There are two appointments necessary for your TMJ evaluation and consultation
- Dr. Gittelson will examine your TMJs, face, jaw and neck and the way you bite your teeth together and move your jaw.
- Digital photographic documentation of your face, jaw, bite (e.g. how teeth come together).
- Prepare you for your TMJ MRI.
What is an MRI?
An MRI is short for Magnetic Resonance Imaging. It is a procedure used to examine the hard and soft tissue structures of the body. Relative to the TMJs, MRI allows direct visualization and evaluation of both hard and soft tissue jaw joint structures.
How does MRI Work?
An MRI machine uses a magnetic field and radio waves to create detailed images of the body. This information is then sent to a computer which processes all the signals and generates it into an image. The final product is a 3-D image representation of the area being examined. Unlike CT scanning or general x-ray studies, no ionizing radiation is involved with an MRI. TMJ MRI’s are a very safe and painless procedure to have done.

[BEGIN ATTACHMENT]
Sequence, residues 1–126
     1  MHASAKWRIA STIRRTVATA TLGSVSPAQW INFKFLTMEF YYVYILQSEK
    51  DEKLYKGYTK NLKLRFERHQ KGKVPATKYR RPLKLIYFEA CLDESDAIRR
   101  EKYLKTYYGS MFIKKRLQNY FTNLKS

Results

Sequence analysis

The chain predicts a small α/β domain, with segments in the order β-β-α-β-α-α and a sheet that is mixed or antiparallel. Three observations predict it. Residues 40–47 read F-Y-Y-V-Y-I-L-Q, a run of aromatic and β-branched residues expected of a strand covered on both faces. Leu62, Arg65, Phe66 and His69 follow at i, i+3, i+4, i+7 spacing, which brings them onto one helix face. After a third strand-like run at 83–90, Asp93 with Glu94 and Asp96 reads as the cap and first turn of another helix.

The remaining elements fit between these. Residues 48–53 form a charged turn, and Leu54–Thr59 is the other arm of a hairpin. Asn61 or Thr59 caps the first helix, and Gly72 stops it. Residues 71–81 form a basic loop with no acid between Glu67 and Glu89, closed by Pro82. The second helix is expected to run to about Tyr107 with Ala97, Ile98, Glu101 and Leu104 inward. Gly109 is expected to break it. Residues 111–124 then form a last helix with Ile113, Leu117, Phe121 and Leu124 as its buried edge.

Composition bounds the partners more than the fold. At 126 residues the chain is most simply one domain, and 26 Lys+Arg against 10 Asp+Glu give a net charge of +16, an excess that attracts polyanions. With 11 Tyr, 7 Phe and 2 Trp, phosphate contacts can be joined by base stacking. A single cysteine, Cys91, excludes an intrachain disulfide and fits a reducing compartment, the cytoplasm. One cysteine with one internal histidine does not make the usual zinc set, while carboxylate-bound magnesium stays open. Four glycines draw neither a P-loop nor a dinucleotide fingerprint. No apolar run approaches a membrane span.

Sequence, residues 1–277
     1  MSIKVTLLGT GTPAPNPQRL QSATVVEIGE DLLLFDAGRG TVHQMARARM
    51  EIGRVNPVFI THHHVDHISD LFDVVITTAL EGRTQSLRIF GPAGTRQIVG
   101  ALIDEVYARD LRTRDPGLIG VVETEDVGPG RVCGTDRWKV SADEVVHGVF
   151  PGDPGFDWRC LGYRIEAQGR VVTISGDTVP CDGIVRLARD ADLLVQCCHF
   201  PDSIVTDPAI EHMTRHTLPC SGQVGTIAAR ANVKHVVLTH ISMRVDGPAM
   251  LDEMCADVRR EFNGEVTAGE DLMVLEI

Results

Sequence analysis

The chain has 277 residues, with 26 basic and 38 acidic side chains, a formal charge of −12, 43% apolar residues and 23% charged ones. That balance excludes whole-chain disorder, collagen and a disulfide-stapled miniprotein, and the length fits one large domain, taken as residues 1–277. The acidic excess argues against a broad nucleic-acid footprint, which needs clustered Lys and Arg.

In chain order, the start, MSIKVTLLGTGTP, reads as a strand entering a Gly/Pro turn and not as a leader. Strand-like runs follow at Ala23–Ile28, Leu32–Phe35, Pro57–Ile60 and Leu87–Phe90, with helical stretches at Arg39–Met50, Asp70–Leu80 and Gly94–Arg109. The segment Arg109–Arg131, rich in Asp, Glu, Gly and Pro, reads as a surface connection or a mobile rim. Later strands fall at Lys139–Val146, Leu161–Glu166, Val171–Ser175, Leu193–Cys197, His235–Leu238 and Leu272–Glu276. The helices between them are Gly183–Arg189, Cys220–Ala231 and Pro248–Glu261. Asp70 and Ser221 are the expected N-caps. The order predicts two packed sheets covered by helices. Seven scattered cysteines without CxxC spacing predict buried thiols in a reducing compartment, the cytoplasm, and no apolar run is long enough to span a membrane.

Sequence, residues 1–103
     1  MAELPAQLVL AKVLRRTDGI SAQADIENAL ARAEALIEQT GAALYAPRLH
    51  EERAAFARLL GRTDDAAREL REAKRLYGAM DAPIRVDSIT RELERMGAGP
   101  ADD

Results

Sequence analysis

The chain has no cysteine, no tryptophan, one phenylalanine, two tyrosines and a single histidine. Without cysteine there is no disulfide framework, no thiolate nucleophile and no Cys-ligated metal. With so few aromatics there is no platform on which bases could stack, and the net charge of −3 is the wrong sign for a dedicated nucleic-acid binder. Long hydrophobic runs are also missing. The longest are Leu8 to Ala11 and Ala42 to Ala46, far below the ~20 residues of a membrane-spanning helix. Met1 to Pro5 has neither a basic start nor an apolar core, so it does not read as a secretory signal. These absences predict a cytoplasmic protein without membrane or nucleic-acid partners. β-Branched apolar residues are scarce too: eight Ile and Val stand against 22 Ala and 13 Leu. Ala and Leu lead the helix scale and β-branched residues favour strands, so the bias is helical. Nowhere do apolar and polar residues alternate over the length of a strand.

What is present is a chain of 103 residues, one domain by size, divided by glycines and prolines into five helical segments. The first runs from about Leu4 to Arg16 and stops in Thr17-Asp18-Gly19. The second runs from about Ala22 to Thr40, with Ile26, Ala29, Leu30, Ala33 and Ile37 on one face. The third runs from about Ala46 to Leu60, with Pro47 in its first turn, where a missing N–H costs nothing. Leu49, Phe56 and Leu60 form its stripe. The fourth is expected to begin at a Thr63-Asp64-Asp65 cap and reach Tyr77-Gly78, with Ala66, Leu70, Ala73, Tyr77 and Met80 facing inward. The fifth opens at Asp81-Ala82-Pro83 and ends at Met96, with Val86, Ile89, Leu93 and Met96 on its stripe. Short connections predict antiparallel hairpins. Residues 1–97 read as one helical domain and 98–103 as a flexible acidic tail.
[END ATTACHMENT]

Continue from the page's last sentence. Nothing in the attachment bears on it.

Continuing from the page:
Dr. Gittelson has extensive training in the science of jaw joint diagnostics and TMJ MRI interpretation. He received this training at the prestigious Piper Education and Research Center (www.PiperERC.com), St Petersburg, FL under the direct tutelage of Mark Piper, M.D., D.M.D.
- The TMJ MRI scan protocol is a direct result of the training referenced above.
- Multiple custom bite records of your mouth are made at Dr. Gittelson’s office to be utilized during the MRI process. The purpose of these bite records are to simulate jaw movement, allowing the TMJs to be analyzed in different functioning positions (e.g. chewing and talking).